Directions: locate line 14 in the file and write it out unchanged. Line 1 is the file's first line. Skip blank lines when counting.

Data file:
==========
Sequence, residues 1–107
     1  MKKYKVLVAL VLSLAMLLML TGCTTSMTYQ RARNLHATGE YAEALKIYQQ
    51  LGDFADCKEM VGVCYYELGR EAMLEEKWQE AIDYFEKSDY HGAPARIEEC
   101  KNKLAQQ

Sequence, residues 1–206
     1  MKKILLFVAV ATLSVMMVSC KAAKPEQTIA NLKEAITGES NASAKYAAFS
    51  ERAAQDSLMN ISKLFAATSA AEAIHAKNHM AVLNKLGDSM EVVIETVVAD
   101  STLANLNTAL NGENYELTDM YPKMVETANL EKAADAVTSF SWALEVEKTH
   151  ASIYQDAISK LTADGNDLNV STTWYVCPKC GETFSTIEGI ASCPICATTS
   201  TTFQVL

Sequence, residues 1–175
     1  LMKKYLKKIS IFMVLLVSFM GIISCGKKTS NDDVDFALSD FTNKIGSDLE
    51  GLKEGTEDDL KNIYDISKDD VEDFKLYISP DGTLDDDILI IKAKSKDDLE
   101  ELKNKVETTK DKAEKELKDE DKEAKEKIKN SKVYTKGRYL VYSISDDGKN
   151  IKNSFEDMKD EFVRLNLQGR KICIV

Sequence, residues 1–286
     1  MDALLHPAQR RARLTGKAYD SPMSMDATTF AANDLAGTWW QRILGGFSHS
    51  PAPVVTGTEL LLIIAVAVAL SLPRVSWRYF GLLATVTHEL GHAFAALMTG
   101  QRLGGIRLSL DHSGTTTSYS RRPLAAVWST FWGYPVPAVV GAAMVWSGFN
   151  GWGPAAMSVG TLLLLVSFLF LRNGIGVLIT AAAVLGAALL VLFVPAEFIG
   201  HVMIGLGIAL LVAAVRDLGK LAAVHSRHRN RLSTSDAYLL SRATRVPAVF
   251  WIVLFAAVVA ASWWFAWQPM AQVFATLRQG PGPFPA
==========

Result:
   101  ELKNKVETTK DKAEKELKDE DKEAKEKIKN SKVYTKGRYL VYSISDDGKN